In celebration of the Berman Museum’s 25th year of operation, Anniston Museums and Gardens will present a monthly series on the history and interworking of the museum. Our first article focuses on the early days of our founder, Farley Berman.
Farley Lee Berman was born to Jacob and Etta (Massell) Berman, two Lithuanian immigrants, in Anniston, Alabama on September 9, 1910. Farley attended Anniston public schools while growing upand was an active member of Temple Beth-El, the Anniston synagogue where his parents were founding members. After high school, Farley attended the University of Alabama and Emory University, earning a law degree. In 1934, he opened a law office with his uncle, Samuel Massell, in Atlanta, Georgia.
The 1941 attack on Pearl Harbor changed not only the world but also Farley Berman’s life. Already a member of the National Guard, Farley joined the U.S. Army attached to the Ordnance Corps. The military soon noticed his intelligence and talent and they transferred him to the Office of Strategic Services (O.S.S.). He was stationed in Italy, the Middle East, Japan, and eventually North Africa, where he was assigned to reveal a double agent. His primary target: a French resistance agent named Germaine Louise Kinne.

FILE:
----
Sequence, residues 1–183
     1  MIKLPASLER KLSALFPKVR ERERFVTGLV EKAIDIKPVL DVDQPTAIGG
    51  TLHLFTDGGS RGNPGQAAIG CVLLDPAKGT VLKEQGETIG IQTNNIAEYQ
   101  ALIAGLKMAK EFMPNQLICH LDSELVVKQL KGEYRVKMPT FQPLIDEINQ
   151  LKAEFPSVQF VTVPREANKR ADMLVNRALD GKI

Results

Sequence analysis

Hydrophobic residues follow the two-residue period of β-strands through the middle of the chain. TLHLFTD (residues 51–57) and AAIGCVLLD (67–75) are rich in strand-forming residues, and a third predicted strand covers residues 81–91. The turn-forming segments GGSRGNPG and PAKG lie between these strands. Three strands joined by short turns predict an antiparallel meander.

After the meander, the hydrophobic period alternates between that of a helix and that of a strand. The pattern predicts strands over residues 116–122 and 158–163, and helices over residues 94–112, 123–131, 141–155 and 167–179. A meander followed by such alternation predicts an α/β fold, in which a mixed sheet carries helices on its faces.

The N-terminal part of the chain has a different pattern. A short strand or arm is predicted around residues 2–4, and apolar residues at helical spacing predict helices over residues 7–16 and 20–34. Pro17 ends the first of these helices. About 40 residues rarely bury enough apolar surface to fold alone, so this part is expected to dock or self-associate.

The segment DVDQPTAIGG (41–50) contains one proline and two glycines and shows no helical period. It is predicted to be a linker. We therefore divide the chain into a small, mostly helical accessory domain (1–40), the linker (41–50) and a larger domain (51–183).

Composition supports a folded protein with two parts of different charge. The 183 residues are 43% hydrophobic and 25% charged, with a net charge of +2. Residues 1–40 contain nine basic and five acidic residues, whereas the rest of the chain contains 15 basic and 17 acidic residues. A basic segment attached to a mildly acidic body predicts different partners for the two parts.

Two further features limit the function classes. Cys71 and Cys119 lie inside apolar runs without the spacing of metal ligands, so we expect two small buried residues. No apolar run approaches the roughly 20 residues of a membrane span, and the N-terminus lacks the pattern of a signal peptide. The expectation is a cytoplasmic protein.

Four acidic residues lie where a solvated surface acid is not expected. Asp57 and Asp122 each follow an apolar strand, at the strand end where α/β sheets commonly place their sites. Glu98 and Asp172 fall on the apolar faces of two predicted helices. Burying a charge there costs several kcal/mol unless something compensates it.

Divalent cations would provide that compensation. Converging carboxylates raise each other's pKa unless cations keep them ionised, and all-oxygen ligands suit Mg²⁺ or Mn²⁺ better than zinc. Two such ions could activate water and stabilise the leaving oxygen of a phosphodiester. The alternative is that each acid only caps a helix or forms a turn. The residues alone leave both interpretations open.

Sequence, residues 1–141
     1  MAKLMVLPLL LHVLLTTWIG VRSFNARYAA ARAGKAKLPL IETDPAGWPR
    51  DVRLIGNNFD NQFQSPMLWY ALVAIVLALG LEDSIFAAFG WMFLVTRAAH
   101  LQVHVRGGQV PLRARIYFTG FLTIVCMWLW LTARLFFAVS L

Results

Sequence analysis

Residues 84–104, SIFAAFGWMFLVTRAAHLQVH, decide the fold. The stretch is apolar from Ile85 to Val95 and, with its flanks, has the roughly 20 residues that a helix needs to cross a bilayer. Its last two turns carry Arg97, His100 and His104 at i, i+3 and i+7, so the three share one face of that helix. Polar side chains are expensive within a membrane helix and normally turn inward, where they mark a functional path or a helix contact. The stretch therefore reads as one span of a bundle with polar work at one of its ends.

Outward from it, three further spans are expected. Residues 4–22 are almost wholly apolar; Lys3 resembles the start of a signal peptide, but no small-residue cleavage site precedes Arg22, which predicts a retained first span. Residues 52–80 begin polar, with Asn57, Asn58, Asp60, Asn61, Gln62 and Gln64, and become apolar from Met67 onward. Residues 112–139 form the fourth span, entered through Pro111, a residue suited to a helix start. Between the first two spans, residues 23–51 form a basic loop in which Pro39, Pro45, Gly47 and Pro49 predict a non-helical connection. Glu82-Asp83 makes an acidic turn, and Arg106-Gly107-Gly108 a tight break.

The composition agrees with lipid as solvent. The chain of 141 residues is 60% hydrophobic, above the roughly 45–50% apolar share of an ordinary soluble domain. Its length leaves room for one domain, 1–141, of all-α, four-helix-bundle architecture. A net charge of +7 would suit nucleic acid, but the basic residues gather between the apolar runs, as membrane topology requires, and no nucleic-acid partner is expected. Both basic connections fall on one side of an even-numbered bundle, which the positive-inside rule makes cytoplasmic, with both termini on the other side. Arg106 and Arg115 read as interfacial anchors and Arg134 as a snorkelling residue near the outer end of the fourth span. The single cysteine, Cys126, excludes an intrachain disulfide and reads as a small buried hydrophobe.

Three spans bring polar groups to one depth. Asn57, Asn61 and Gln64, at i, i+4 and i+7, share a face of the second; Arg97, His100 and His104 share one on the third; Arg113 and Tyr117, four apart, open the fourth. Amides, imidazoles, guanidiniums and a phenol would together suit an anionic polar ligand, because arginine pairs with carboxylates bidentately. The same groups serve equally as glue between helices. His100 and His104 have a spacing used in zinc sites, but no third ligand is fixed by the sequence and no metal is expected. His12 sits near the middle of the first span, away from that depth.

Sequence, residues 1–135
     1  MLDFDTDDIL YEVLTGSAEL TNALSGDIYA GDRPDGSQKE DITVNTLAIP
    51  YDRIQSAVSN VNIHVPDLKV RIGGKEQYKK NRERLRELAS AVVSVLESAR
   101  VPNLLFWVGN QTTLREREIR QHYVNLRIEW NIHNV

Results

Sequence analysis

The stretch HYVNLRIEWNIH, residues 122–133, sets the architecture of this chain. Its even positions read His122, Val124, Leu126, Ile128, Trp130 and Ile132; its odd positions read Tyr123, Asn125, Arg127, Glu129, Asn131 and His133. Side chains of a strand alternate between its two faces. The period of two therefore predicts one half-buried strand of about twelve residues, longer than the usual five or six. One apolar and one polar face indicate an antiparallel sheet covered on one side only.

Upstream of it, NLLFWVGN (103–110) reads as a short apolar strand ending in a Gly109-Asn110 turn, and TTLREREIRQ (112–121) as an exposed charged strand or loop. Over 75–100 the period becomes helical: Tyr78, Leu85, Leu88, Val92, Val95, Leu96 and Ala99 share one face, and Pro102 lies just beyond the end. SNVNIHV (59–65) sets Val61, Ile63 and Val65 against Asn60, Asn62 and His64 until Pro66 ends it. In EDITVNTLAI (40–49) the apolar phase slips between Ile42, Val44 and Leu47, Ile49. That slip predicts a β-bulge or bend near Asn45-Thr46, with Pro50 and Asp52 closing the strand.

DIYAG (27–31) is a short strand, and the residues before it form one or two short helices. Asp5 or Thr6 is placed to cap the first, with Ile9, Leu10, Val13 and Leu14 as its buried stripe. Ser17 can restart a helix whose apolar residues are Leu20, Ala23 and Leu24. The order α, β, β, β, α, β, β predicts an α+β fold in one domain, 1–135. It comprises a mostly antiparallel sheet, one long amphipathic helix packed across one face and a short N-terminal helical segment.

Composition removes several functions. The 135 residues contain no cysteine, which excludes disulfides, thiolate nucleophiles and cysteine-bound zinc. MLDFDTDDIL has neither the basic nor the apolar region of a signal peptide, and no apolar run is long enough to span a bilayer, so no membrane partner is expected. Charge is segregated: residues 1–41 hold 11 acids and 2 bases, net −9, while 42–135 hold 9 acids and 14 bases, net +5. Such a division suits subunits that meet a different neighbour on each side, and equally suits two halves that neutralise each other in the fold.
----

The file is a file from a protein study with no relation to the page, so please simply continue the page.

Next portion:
Simultaneously, Parisian Germaine (b. 1908) was assigned to verify that the American agent Berman was not a double agent. The two met, realized neither was a double agent and struck up a friendship. Farley and Germaine fell in love and married in New York in 1948. The family settled in Farley’s hometown of Anniston. He took over the family business, Berman’s Department Store, after the death of his father. At the outbreak of the Korean War, Berman went back to active duty, remaining on reserve status in the years after.
To uncover the next chapter of the Bermans’ story and to learn about their collecting, make sure to read next month’s article.